Sharpening the Edge – Lessons from Tragedy

By Stuart McRae
City Administrator
City of Sheridan, Wyoming

I’m not sure this is a leadership lesson as much as it is me taking stock of the week.  It’s been a really horrible week for us in Sheridan, but it’s also been one of the best in some ways.  There’s a few on this email who may not be familiar with what happened on Tuesday in Sheridan, Wyoming.  Late Tuesday morning, one of our police officers was shot and killed while on a routine call.

Since that event, the amount of support we’ve received from the community and from around the entire region has been nothing short of phenomenal.  We all came together during this time of distress and created a powerful sense of unity.  I can’t help to think that this type of thing has happened before and over time, gets eroded into the divisiveness that faces our country these days.

One of the lessons the U.S. Army learned in Iraq and Afghanistan is that tribes trump politics.  In the Arab world going back as far as there is recorded history, the various clans have fought each other, but when there is a common enemy, they unite.  If you watch the end of the movie, “Lawrence of Arabia,” T.E. Lawrence was extremely frustrated with the Arabs who had so united together to defeat the Turks and the other Central Powers in the Region but couldn’t stay together following the end of the conflict during the crucial time of developing a land all of their own.

We are not unlike that concept but perhaps through concerted energy, we can achieve what other clan-like entities have not been able to achieve.    If we can remember and value our unity together, perhaps we can achieve even greater things.  Then the legacy of a tragic life lost can be more than just a momentary thing.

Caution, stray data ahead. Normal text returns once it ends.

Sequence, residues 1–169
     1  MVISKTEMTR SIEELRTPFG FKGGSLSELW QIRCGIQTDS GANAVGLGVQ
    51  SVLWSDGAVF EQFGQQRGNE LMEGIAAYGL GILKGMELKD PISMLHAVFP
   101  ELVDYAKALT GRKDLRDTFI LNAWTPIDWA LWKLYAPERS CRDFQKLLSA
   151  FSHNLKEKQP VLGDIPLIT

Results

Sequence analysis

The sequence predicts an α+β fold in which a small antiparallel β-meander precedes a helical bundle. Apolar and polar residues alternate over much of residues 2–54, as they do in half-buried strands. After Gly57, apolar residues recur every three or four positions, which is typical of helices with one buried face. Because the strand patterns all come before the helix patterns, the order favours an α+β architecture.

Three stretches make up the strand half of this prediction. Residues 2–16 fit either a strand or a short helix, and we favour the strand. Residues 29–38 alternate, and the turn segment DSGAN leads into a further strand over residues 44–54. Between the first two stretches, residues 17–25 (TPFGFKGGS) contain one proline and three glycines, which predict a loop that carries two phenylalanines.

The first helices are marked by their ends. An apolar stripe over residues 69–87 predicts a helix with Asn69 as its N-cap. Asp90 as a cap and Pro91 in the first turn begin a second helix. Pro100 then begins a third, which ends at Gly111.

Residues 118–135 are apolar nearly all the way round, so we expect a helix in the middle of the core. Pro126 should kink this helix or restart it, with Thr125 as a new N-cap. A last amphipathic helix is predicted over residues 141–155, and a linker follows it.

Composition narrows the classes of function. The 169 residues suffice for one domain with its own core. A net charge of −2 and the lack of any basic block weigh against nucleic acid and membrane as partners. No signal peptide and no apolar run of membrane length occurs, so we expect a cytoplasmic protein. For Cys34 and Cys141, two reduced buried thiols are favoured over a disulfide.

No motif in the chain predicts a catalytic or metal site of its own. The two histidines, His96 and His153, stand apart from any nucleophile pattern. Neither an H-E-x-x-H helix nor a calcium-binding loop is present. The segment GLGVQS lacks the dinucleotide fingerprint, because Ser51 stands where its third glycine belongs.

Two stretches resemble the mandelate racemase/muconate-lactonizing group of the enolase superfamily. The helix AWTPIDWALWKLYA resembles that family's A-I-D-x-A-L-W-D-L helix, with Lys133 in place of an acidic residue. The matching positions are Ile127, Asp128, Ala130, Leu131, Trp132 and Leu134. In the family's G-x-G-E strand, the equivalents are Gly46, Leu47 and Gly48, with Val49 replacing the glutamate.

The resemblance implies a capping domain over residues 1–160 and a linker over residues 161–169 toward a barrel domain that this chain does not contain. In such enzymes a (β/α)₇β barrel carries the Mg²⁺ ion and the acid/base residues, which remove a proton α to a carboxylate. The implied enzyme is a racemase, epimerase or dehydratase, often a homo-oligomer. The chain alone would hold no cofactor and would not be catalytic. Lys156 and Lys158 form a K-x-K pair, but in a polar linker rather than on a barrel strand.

Wyoming is a carbon producing state, so I love the idea that two of the products you can get from exerting pressure on carbon are diamonds or coal.  Our recent crisis resulted in a lot of pressure for us.  There was a lot of pain and stress from knowing that we get one chance to get things right, whether it’s how we handle a standoff, or how we react to and communicate with people.  We could have collapsed under the strain and turned on each other (coal), but instead, what I observed was an amazing level of unity from within our ranks, then from around the community, as well as, from throughout the state and region (diamonds).

On Thursday I attended a presentation which had a list of attributes that define intentional civility.  One was the ability to disagree without being disagreeable.  I’m not sure how to best do it, but if we can retain that idea of valuing each other over our differences, listen more deeply, and show a greater respect towards others, perhaps we can be the change that our country so desperately needs.

I would like to think that something good can come out of the death of Nevada Krinkee.  Our commitment to an ideal may be that good.